MORAGA -- Nearly a week after issuing an apology and withdrawing legal document language stating a former student may have shared some responsibility for the sexual abuse she suffered from former teachers, school board trustees made a sweeping public apology to that student and others sexually abused in the 1990s.
Board trustees also said the district will mediate claims against the district filed by those former students.
"No child is to blame for his or her own abuse. Sexual abuse is not the fault of any victim and certainly not the fault of a child victim," school board Vice President Charles MacNulty read from a statement at a meeting Tuesday. "We are truly sorry that our filing obscured this important truth and we are deeply sorry for the pain it caused victims of sexual abuse."
Three former students, including 30-year-old Cal assistant swim coach Kristen Cunnane, have filed claims against the district. Cunnane sued the district and three former administrators and says her abuse by two intermediate school teachers in the 1990s was caused by failures to report suspected abuse to authorities. The other two claims filed by victims known as "Jane Doe" also say mandated reporting failures led to their continued abuse.
MacNulty said the district's insurance company will participate in the mediation. He also offered emotional apologies for a portion of the district's legal defense, which had included the words "carelessness" and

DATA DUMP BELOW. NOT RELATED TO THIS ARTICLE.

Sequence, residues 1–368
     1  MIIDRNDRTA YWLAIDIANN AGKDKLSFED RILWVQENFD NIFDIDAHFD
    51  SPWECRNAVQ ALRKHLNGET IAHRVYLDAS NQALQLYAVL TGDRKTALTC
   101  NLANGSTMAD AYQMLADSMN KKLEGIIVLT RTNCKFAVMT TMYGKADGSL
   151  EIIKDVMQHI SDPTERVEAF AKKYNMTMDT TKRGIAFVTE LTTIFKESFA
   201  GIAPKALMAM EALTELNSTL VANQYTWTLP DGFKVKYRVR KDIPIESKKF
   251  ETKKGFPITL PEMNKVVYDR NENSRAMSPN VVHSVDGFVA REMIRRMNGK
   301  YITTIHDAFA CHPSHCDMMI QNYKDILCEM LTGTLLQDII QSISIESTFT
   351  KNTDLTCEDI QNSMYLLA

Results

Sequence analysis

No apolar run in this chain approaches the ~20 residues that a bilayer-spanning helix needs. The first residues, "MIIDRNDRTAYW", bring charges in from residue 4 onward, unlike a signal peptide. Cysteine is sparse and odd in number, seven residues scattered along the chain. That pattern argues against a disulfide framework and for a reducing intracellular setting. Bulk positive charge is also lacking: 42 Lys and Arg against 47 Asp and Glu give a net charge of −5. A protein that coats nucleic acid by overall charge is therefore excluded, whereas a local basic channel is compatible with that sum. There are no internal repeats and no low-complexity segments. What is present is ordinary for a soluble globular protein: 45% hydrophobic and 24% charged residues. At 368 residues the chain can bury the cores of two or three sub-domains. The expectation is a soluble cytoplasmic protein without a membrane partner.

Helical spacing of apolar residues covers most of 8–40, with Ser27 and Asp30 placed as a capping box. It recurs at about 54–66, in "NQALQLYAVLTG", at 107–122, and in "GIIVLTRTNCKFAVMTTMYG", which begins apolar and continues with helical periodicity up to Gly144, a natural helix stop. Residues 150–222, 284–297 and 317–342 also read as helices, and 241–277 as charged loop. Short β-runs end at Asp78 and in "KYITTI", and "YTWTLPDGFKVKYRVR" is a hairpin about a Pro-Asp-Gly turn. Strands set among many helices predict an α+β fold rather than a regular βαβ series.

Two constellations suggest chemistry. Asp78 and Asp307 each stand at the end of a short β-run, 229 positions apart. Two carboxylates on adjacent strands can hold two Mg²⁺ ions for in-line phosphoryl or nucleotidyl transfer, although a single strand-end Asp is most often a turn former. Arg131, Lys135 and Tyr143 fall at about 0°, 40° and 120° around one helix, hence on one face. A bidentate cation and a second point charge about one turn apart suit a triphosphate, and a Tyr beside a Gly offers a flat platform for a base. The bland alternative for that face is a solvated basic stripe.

"In our initial response to one lawsuit, we made a terrible mistake by including a defense that was entirely inappropriate," he said.
Earlier, Cunnane's brother-in-law Ryan Cunnane reprimanded district leaders, saying he took offense at Superintendent Bruce Burns' earlier public support of the defense language. And he called on the board to investigate how former teachers Julie Correa -- now serving time for abusing Cunnane -- and Dan Witters were able to "hide in the open."
"I ask you to take this head on and do not run from your responsibility. Embrace this challenge. Launch an investigation. Find out what happened and learn from it," Ryan Cunnane said.
Witters killed himself amid allegations of sexually abusing students.
In May, the school district told parents an internal probe into the 1990s abuse had been completed. Residents have repeatedly called for an independent investigation.
Trustees also voted Tuesday to streamline language in the district's child abuse prevention policy, requiring all members of a mandated reporting team to individually report potential child abuse to authorities.
That decision also came nearly a week after board president Dexter Louie's sudden resignation. Louie had pushed for wording to require all mandated reporters file a report, having had concerns that a section of the California Penal Code on which much of the district policy is based states that a single report may be made by a selected member of a mandated reporting team.
Louie argued such language could create a perceived loophole in that there is no way of knowing whether a designated reporter actually filed a report. He has since contacted state lawmakers, including Sen. Mark DeSaulnier and State Superintendent of Public Instruction Tom Torlakson, to look at fixing the problem.
"I hope the penal code will be amended to eliminate what I believe is a very serious weakness in the law, allowing one person to report for two or more mandated reporters," Louie wrote in an email Monday. Trustees also discussed filling the vacancy left by Louie, who was re-elected Nov. 6 and resigned one day later. The school board must either order an election or make an appointment within 60 days of the resignation, according to the state's education code.